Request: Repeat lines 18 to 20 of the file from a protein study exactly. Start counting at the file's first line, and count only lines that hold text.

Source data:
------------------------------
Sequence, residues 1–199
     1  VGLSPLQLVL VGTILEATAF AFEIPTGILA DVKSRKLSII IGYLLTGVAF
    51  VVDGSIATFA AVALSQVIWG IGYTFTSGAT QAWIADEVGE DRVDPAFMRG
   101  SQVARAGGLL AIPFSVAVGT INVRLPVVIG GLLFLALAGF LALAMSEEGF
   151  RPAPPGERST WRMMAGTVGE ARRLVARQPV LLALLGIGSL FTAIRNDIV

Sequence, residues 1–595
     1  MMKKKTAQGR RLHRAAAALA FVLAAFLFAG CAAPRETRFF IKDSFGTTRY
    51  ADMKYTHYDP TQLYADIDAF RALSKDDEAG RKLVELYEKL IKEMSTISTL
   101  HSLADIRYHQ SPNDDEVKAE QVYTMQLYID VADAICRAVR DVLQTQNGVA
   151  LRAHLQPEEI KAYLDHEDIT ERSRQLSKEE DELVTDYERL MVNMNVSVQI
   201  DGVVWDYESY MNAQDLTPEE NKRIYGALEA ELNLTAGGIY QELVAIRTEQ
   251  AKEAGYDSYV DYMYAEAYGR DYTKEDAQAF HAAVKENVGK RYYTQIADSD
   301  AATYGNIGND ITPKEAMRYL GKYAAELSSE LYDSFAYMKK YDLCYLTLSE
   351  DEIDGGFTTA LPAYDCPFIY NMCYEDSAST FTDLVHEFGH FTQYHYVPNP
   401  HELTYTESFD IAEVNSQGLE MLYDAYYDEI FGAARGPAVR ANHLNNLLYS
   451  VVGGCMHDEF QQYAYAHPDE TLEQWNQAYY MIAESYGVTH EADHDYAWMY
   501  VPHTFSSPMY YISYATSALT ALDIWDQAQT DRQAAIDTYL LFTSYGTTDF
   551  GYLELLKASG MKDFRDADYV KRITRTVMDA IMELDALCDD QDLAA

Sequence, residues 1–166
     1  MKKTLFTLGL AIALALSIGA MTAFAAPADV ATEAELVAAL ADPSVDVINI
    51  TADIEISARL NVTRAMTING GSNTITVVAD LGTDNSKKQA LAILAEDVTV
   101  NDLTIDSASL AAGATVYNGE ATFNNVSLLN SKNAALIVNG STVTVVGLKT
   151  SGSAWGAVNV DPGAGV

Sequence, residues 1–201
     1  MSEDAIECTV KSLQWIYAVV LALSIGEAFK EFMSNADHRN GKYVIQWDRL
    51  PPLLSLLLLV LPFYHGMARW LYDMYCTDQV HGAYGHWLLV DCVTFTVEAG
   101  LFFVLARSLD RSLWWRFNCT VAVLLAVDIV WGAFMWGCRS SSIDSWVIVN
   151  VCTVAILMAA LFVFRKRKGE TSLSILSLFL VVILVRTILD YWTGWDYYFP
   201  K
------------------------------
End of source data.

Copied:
   551  GYLELLKASG MKDFRDADYV KRITRTVMDA IMELDALCDD QDLAA

Sequence, residues 1–166
     1  MKKTLFTLGL AIALALSIGA MTAFAAPADV ATEAELVAAL ADPSVDVINI